Geraldine Strawbridge

Geraldine Strawbridge is a graduate from the University of Glasgow. As the Editor of Cyber Radio, Geraldine is focused on delivering the latest cyber security news whilst making cyber security more relatable to people in their everyday lives.

WhatsApp has urged users to update their apps following the discovery of a security bug that allows hackers to remotely install spyware on users’ smartphones.

The attackers were able to install spyware through WhatsApp’s voice call function. This is active on the user’s phone, regardless of whether they answer the call or not.

The spyware can then trawl through calls, texts and other data, activating the phone’s camera and microphone whilst performing other malicious activities.

The Facebook owned company, confirmed that the attack bears all the hallmarks of a private surveillance firm which reportedly works with governments to deliver spyware that takes over a phone’s operating system.

According to the Financial Times, the spyware was developed by a secretive Israeli spyware company known as the NSO Group. Their Pegasus software has been used in previous attacks against human rights activists. However, the company has strenuously denied having anything to do with the WhatsApp hack.

A spokesperson from NSO said: “Our technology is licensed to authorized government agencies for the sole purpose of fighting crime and terror”

“The company does not operate the system, and after a rigorous licensing and vetting process, intelligence and law enforcement determine how to use the technology to support their public safety missions. We investigate any credible allegations of misuse and if necessary, we take action, including shutting down the system.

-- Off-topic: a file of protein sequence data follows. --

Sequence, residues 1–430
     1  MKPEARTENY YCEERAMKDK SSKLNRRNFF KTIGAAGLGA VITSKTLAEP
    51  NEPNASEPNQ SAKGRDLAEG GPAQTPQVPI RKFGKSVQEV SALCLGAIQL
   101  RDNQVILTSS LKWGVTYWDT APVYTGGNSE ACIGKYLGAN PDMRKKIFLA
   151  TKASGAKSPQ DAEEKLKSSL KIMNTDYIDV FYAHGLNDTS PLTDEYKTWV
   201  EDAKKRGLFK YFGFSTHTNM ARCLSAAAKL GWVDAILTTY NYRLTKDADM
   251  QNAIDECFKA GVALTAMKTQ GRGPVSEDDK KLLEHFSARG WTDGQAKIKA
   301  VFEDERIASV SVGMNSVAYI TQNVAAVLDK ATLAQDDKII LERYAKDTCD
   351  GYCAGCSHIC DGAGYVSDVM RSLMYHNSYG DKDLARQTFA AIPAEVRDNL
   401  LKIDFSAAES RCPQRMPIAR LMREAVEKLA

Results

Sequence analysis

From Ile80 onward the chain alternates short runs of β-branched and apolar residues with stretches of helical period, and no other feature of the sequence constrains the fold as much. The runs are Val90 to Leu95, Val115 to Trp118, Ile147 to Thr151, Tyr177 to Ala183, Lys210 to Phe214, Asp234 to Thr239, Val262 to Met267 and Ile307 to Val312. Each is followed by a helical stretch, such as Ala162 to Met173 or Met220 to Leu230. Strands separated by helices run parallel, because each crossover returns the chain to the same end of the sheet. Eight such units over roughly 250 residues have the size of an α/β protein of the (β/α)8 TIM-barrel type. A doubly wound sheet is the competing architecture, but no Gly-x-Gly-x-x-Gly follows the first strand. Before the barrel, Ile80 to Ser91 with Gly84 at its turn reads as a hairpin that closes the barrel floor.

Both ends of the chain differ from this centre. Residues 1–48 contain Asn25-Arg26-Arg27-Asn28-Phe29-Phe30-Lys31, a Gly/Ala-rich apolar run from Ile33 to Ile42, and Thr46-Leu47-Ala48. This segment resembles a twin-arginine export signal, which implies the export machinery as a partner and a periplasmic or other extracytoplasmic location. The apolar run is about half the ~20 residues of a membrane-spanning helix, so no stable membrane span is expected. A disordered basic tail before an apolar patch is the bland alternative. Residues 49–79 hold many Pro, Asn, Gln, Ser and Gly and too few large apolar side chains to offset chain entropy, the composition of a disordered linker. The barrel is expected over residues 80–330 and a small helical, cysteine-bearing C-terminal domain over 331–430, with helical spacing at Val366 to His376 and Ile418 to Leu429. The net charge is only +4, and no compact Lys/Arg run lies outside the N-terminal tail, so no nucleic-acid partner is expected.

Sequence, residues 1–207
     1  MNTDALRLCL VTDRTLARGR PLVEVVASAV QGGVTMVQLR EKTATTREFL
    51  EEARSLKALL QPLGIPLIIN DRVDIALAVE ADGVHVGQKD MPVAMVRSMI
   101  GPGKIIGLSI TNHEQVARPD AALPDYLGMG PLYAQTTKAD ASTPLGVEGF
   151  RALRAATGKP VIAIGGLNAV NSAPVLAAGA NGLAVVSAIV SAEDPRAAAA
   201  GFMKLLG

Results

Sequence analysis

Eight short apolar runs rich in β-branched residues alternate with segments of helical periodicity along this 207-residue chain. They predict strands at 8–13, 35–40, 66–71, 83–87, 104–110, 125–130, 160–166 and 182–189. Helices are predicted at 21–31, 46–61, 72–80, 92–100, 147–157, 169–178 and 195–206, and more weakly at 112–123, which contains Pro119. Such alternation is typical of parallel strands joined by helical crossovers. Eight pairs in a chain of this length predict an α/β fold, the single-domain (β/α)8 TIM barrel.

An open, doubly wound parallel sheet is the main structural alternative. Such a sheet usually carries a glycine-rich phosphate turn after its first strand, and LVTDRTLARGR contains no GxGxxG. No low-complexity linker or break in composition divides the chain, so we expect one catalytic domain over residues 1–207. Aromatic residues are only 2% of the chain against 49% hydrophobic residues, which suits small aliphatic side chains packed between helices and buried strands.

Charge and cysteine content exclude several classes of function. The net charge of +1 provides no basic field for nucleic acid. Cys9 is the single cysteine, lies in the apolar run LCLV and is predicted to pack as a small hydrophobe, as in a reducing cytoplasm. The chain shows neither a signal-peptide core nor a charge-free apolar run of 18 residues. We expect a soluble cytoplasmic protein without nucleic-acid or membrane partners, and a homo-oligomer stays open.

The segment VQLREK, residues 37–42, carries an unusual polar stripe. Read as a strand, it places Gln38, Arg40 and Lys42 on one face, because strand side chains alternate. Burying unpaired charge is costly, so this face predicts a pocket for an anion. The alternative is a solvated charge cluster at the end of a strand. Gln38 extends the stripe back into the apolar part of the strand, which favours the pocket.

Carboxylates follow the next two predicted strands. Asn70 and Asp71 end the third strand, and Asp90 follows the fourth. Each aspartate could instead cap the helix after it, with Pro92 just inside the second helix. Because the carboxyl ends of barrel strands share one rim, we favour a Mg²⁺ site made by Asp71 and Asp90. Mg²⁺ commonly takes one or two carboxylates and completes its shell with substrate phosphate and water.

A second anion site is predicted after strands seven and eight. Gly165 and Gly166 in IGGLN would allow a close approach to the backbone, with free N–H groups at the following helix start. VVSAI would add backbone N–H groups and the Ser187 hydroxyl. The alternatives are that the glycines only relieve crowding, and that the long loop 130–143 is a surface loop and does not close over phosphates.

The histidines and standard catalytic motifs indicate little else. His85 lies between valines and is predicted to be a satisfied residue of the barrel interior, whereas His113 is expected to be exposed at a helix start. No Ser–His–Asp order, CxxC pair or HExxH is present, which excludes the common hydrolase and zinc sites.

“Under no circumstances would NSO be involved in the operating or identifying of targets of its technology, which is solely operated by intelligence and law enforcement agencies. NSO would not or could not use its technology in its own right to target any person or organization.”

Are you affected by the WhatsApp Hack?

The number of people affected by the attack is not yet known. Despite having a global customer base of 1.5 billion people, it’s thought that only a few targets, including a UK-based human rights lawyer and an Amnesty International researcher, have been directly impacted by the attack.

If you haven’t received a WhatsApp voice call from an unknown number or had a missed call, it’s unlikely you are affected. However, due to the secretive nature of the spyware, there’s no way of knowing for sure if your account has been hacked.

Is the issue resolved?

As soon as WhatsApp discovered the security flaw, they immediately issued a patch to fix the problem. They have since urged users to update their app to the latest version to prevent their phone from being compromised.